Give Your Gifts the Thought That Really Counts
Let’s face it. We are in the spin cycle of gift giving. We’ve given Grandma her 27th sweater, and we just can’t bear to look at another pair of gloves for Uncle Larry. We’re out of ideas, and our gift giving feels empty and thoughtless. We rush around at the last minute, buying, buying, buying, just so we can have something to hand off at the family gathering or holiday party. Then, on the day after Christmas, the retail industry tells us we have 364 more days to shop, and the madness starts all over again. We’re totally out of control, and it shows in the quality of gifts we give.
Let’s just stop, breathe, and think about this for a minute. What is the purpose of a gift? Ideally, a gift tells a family member or friend that you know and understand them. You listen when they talk. You know their interests. A gift says “I get you.” So, how can we take back control of our gift giving and make it something we feel good about again?
Turns out a lot of people have been thinking about this question and have come up with some pretty great answers. Here are a few ideas to consider.
Gift Giving Games
Gift giving games are typically more about the game and spending time with each other than they are about the gifts. These games are ideal for families that like to have a little fun and are also a little competitive. They are also perfect for large families who need to be frugal or families who just don’t believe in spending lavishly at the holidays. There are several fun versions.
Polyanna: For this game, all participants put their names in a hat, and each person picks a name. The name you pick is the only person you buy a gift for. This means you can focus solely on that person and take time to select precisely the right gift instead of diluting your attention and trying to buy gifts for everyone. This game is perfect for big families that are trying to keep costs down.
White Elephant: This game does not require you to buy anything. Instead, each person chooses something odd, unwanted, or downright tacky from around their home as a humorous gift. At the exchange, all gifts are placed in a pile, and each person chooses the gift he or she would like to open. Each person then picks a number from a hat. The person who picks number one gets to be the first to select any of the gifts available, including one someone else already chose, and open that gift. The game continues in numerical order until all gifts are opened. This game is typically for families that enjoy joking around and have a good sense of humor.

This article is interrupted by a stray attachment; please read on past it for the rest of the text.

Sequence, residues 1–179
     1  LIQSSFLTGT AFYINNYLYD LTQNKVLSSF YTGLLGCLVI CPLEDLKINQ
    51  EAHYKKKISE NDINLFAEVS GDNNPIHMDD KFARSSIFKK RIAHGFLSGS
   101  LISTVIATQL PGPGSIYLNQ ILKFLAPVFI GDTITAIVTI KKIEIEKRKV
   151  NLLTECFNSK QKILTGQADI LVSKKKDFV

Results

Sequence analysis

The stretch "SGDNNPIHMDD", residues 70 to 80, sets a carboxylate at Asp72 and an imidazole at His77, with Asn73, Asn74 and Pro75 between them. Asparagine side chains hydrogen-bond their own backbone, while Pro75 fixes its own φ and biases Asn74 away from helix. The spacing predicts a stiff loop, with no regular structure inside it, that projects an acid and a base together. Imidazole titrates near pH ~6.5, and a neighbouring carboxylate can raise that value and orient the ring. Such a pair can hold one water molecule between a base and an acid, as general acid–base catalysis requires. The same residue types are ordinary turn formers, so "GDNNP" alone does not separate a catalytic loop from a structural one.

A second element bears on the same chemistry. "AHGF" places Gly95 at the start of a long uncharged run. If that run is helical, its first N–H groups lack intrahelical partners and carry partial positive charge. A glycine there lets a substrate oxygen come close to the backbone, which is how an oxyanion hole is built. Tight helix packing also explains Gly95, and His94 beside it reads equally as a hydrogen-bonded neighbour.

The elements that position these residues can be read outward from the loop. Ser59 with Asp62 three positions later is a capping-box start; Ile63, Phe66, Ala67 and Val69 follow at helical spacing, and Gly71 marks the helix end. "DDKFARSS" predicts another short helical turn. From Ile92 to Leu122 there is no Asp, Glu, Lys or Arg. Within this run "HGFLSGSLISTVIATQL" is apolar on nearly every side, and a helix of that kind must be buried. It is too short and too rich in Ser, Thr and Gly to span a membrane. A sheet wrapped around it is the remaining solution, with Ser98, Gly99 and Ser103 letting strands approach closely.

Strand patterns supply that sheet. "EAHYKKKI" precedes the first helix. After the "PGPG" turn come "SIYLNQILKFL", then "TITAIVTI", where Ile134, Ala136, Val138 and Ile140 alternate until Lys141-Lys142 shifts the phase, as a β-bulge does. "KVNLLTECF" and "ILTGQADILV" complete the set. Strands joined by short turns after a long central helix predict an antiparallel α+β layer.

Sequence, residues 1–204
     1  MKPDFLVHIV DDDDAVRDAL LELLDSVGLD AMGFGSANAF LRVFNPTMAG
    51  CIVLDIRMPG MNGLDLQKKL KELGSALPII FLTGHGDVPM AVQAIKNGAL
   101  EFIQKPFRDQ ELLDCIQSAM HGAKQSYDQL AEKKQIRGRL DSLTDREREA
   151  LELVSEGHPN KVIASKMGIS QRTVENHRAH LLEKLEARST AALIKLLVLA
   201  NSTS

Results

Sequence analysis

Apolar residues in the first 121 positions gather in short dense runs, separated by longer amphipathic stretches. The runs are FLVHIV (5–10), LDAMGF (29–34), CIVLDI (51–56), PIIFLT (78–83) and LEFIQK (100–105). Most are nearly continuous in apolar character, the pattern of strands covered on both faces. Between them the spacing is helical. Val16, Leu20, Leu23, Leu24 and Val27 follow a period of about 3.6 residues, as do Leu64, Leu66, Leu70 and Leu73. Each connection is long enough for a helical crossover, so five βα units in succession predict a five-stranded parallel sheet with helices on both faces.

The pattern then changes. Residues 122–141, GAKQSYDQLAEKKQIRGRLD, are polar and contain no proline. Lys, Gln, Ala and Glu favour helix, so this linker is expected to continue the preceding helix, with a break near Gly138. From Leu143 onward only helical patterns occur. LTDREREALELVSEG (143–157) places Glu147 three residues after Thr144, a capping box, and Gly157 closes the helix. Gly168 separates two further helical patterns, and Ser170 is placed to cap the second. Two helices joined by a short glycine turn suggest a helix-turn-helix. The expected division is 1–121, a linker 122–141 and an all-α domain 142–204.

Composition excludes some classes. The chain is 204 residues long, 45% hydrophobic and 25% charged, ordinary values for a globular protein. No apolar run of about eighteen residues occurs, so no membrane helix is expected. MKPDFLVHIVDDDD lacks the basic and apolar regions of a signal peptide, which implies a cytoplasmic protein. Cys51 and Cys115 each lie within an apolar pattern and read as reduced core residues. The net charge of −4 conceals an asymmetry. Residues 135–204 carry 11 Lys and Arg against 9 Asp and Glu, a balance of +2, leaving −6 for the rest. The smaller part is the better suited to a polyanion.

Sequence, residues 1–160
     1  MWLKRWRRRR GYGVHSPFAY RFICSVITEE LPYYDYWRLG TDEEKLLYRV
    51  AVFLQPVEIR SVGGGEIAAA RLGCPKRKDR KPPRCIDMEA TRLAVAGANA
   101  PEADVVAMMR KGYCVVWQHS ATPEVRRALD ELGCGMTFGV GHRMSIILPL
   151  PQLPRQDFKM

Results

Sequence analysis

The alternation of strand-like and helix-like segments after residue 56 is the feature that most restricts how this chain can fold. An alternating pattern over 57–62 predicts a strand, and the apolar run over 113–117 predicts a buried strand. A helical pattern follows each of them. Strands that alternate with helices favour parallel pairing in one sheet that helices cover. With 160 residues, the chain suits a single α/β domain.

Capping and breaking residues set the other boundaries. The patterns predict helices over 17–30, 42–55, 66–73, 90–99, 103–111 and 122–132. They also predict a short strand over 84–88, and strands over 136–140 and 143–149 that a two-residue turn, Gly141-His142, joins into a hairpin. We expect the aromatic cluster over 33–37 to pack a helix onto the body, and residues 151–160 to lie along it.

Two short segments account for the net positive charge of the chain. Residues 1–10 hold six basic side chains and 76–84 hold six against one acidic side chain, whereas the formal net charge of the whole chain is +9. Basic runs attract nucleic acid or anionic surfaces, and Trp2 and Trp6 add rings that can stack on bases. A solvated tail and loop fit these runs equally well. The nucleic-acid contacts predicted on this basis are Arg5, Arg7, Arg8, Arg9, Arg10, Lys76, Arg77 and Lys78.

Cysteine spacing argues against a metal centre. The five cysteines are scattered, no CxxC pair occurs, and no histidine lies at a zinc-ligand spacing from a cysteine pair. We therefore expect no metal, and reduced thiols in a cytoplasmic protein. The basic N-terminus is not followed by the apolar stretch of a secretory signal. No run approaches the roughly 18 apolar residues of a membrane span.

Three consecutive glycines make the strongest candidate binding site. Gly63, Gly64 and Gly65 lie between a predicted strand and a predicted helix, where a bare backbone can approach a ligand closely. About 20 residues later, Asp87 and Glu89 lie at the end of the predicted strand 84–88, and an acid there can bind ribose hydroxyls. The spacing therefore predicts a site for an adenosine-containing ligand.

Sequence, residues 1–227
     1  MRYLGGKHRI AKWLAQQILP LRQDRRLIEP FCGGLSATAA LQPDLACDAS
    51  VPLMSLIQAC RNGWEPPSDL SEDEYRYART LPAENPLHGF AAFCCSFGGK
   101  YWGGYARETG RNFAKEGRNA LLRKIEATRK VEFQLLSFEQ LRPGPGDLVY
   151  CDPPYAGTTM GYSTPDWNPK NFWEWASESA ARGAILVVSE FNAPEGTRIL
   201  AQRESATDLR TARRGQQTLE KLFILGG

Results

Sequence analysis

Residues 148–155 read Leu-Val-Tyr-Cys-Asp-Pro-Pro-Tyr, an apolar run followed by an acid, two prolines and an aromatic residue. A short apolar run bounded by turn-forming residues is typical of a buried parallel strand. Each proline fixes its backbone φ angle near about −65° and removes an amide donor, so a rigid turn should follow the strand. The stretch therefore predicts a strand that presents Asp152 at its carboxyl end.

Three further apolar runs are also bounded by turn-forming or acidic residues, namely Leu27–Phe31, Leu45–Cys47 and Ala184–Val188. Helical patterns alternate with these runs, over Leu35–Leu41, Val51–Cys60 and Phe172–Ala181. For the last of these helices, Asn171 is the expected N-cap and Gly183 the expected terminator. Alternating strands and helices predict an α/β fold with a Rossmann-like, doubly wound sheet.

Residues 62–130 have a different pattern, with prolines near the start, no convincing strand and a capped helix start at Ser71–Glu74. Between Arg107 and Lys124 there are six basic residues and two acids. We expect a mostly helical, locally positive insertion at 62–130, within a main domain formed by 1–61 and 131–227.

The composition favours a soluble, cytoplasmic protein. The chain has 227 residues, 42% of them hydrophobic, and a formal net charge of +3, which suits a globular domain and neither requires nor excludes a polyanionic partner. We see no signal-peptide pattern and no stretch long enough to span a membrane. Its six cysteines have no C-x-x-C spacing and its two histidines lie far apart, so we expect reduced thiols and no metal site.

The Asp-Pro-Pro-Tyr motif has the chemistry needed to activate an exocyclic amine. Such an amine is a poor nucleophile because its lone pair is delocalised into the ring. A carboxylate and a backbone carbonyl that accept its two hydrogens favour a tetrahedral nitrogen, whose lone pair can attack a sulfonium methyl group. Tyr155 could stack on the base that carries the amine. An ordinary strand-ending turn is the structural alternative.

Yankee Swap: Yankee Swap generally follows the same rules as White Elephant, except the item you choose as your gift is something useful as opposed to something weird. Feel free to alter the rules to fit your family.
Remember when you were little and you made gifts for mom and dad or grandma and grandpa? Remember how much they loved those gifts? That “Aww, you made this?” feeling doesn’t need to end at childhood. People enjoy receiving homemade gifts, so why do we stop giving them after we get older?
You don’t have to be artistic to make something memorable. You can bake bread or share your summer sauce adorned with a nice holiday ribbon. You can give personal coupons for yard work or babysitting. Ultimately, you’re giving the gift of your time and care, which is meaningful in whatever form it takes.
Feel Good Gifts
One thing people often wrestle with is the short-lived, disposable nature of material gifts, like the doll that gets played with for ten minutes and then gets tossed aside. The reaction to this unfulfilled feeling is that more and more people are choosing to give experiences as gifts instead. Go on a family hike. Visit a local museum. Tour a winery. Often there are many experiences right in our own backyards that are just waiting to be discovered, and you’re much more likely to remember the time you spent together doing things than you are to remember just the things.
Another trend is to give to a cause on behalf of the recipient that both the you and the recipient can feel good about. With so many causes, it’s fairly easy to find one that suits the personality or interests of just about anyone. Here are two ideas for the animal lovers in your life to get you thinking.
Heifer International: This organization allows you to purchase animals for impoverished communities around the world to help build sustainable food sources and generate income. You can buy a goat, a heifer, a water buffalo, or other animal for a community in need. What could be better than giving the gift of a goat?
World Wildlife Federation: The WWF offers symbolic adoptions of a wide variety of wild animals. The money helps protect certain species of animals and their habitats. Got a nephew who loves wombats? Adopt a wombat. Got an aunt who loves the slow loris? Adopt a slow loris. You’ll receive an adoption certificate and stuffed animal for your donation, so you can give and have something to give, too.
Gift giving shouldn’t feel like a stressful chore. It’s time we block out all of that materialistic, consumer-driven hype and get back to what really matters—family and friends. It truly is the thought that counts.